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Coronavirus Control Strategies Shifting Toward 'Social Distancing'

Mar 12, 2020

Transmission electron microscopic image of an isolate from the first U.S. case of COVID-19, formerly known as 2019-nCoV. The spherical extracellular viral particles contain cross-sections through the viral genome, seen as black dots.
Credit C.S. Goldsmith and A. Tamin / Centers for Disease Control and Prevention

Coronavirus control strategy at state and county levels is moving toward social distancing, a practice focused on limiting contact between people in efforts to stem transmission. 

That marks a shift away from the previous approach of contact tracing, which aims to identify people who have been in contact with known positive cases of the disease.

“When we just had a few cases, (contract tracing) was a good way to try and reduce the spread of disease,” Jill Ryan, executive director of the Colorado Department of Public Health and Environment, said in a call with reporters. “But it will at some point, probably in the near future, outweigh our ability to keep up with it.”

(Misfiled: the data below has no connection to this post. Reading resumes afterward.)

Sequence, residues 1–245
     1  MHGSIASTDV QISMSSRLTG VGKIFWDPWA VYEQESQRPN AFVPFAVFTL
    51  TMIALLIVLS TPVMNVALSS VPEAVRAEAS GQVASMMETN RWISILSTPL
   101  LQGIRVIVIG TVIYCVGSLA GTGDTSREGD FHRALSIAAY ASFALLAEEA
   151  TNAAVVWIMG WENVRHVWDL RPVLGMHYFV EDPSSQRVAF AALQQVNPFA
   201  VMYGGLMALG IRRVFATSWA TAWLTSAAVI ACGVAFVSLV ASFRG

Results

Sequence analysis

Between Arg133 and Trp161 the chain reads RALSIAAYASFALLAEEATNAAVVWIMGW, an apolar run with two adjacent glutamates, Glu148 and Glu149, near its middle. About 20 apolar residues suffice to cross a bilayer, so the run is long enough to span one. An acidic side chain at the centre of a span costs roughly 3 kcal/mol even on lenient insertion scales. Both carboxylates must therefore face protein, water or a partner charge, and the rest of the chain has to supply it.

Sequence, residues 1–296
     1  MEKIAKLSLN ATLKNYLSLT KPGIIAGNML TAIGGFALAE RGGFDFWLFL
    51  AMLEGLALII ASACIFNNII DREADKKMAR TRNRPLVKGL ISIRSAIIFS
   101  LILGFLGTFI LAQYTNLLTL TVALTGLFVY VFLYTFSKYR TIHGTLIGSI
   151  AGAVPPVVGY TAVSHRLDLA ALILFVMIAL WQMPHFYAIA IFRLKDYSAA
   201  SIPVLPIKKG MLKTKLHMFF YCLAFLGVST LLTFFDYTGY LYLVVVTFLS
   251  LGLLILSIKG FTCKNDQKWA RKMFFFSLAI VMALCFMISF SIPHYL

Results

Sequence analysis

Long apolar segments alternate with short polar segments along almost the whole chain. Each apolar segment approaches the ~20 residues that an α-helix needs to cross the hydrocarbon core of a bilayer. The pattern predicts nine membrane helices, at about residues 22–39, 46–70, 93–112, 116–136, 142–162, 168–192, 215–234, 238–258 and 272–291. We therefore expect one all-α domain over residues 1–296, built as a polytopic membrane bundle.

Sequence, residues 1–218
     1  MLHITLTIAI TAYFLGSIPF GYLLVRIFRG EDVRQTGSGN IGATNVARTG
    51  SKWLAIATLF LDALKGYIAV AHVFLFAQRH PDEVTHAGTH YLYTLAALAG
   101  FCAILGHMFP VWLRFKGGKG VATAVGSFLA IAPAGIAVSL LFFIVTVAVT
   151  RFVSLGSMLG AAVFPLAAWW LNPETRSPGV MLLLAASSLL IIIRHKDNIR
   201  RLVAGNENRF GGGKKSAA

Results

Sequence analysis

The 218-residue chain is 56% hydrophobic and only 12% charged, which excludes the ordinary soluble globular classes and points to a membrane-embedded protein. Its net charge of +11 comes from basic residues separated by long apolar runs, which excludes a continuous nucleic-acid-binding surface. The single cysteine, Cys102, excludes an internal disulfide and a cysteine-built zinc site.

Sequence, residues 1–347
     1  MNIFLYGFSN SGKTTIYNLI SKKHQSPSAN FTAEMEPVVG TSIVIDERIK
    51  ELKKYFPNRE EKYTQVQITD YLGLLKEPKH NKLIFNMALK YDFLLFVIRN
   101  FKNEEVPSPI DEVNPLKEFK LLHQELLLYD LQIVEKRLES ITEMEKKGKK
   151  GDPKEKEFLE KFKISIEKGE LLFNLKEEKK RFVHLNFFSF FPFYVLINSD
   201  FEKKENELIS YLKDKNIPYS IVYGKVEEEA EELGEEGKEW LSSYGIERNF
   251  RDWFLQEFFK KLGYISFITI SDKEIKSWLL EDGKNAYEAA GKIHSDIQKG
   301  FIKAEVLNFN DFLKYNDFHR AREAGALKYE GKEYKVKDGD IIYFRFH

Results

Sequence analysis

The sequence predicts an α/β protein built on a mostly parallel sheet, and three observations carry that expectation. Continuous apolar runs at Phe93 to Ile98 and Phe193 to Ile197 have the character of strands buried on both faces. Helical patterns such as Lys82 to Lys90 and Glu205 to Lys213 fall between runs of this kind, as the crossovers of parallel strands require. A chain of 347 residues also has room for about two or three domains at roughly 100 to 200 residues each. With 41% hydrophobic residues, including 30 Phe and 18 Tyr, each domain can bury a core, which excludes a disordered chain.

Pitkin County intends to make a similar switch.

“We’re really looking at evolving from a containment response to a community mitigation response,” said Karen Koenemann, Pitkin County Public Health director. “Social distancing is one strategy around that.”

Pitkin County has ten presumptive positive cases as of Thursday evening, following the confirmation that an additional Australian traveler in Aspen tested positive after coming in contact with an Australian woman who tested positive upon return to her home country.

The City of Aspen announced a slew of closures to public facilities.

In a separate call with reporters Thursday afternoon, CDPHE incident commander Scott Bookman said the agency believes there is evidence of community transmission in Eagle County. There are 11 presumptive positive cases in that county.

Community transmission refers to a situation in which new cases of the disease do not have identifiable ties to existing positive cases.

Eagle, Garfield and Pitkin Counties all announced a public health order placing restrictions on gatherings of 50 or more people.